Báo cáo CBECI: Sự nắm giữ của Trung Quốc đối với hoạt động khai thác Bitcoin đang giảm dần trước khi cuộc khủng hoảng xảy ra

Shocker! Dựa theo the latest CBECI cập nhật, China’s control over Bitcoin mining was already waning. The Cambridge Bitcoin Electricity Consumption Index shows that and much more, it “provides an up-to-date estimate of the Bitcoin network’s daily electricity load.” However, China is the headline. The government’s recent ban on Bitcoin mining left the world speechless, and this feels like another piece to solve that puzzle.

It doesn’t quite fit, Tuy nhiên. Dựa theo Nghiên cứu Arcane, CBECI numbers say that:

China’s share of total Bitcoin mining power has declined from 75.5% in September 2019 đến 46% in April 2021 — before the restrictions on Chinese miners were even imposed. That figure is much lower than the older estimate of 65%.

Đọc liên quan | Why China’s Crackdown On Bitcoin May Be Just Beginning

That’s a sharp decline. Why did China’s miners lose so much ground trước the ban? Did the Chinese government turn off the machines that they reportedly own? Why would they do that? Is everyone missing an obvious explanation for all of this? It’s also very interesting that the CBECI shows that the United States and Kazakhstan were growing at a tremendous rate trước the ban.

BTCUSD price chart for 07/22/2021 - TradingView

BTC price chart on Bitstamp | Nguồn: BTC/USD on TradingView.com

Bitcoin Mining In The United States And Kazakhstan

Arcane Research crunched the numbers, and apparently:

Over the same period, the United States’ share of total Bitcoin hashrate increased from 4.1% đến 16.8%, making it the second-largest Bitcoin mining location.

Following behind is Kazakhstan, with an almost six-fold increase of hashrate share — from a mere 1.4% in September 2019 đến 8.2% in April 2021.

That ‘s curious. After the government ban came into effect and the miners turned off their machines, we worried about the Bitcoin hash rate going into a death spiral. The great miner’s migration was on its way, and guess who were the forecasted big winners:

Tons and tons of mining equipment are currently traveling to their new homes. There are reports of a huge operation in Kazhakstan, a neighboring nation of China. There are also rumors of equipment and personnel already settling down in Texas. The US state is making a push to become a Bitcoin mining capital, and apparently, the efforts already bore fruit.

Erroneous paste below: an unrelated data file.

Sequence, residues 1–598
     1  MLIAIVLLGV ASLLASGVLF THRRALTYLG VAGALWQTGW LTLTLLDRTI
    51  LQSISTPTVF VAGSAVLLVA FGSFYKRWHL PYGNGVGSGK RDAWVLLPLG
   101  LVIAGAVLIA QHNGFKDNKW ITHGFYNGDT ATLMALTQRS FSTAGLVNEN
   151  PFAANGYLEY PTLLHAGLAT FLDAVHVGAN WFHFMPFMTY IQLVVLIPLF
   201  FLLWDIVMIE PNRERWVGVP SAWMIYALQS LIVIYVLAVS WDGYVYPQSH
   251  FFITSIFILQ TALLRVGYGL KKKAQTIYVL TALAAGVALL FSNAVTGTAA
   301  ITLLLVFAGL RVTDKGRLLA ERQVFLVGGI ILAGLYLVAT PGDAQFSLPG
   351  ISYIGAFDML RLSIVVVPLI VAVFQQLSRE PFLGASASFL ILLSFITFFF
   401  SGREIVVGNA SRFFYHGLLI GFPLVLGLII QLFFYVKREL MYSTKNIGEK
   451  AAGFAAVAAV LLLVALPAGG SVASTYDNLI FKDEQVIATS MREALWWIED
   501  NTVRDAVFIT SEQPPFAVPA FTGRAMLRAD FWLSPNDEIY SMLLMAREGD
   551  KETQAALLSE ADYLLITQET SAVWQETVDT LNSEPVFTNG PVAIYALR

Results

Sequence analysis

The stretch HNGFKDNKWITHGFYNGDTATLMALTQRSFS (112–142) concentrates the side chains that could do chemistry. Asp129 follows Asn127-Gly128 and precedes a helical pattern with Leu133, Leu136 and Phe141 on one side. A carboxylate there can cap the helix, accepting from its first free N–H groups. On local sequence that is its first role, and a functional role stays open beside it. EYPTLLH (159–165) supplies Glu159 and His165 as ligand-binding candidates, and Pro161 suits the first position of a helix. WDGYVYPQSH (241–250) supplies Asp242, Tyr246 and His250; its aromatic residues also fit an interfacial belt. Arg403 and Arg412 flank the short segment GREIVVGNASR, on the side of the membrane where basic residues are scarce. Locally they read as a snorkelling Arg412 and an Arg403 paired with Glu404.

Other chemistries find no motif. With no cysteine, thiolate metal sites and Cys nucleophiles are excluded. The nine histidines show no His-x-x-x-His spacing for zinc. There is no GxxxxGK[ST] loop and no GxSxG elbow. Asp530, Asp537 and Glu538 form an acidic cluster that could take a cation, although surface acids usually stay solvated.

Nhớ lại, Tuy nhiên, everything the CBECI numbers show happened trước the ban.

Is there something we’re missing?

CEBECI, a graph showing Bitcoin hash rate dominance

Country share of global Bitcoin hash rate | Nguồn: Nghiên cứu Arcane

How Do They Get The CBECI Numbers?

Các Cambridge Bitcoin Electricity Consumption Index explains the methodology they use:

The underlying techno-economic model is based on a bottom-up approach initially developed by Marc Bevand  in 2017 that uses the profitability threshold of different types of mining equipment as the starting point.

Given that the exact electricity consumption cannot be determined, the CBECI provides a hypothetical range consisting of a hypothetical lower bound  (floor) and a hypothetical  upper bound  (ceiling) estimate. Within the boundaries of this range, a  best-guess  estimate is calculated to provide a more realistic figure that approximates Bitcoin’s real electricity consumption.

Vì thế, it’s a very elaborate educated guess. Tuy nhiên, it’s based on real data and a range of estimations. Does it tell us anything about the curious results they got? Is the data telling a story that we’re missing?

Đọc liên quan | Cách FUD Bitcoin của Trung Quốc đang giảm chi phí để sản xuất BTC

Tháng trước, we posed a theory about the Chinese government trying to get rid of small hydroelectric plants. The whole situation is perplexing, vì thế, we asked the following questions:

It’s possible that the government is trying to get rid of those plants. That would explain the article’s tone, it seems like it was trying to get investors to stay away from those hydropower stations. Trong ánh sáng của điều này, China’s ban on Bitcoin mining could just be part of an even bigger play. They’re serious and methodically shaking things up over there.

What could be their end-game? Is China just trying to go carbon neutral and repair the original flow of the rivers? Or is there something else at play here?

Everything the CBECI shows seems to relate to the answer to all of these questions. Tuy nhiên, there’s at least one piece missing. The mystery persists.

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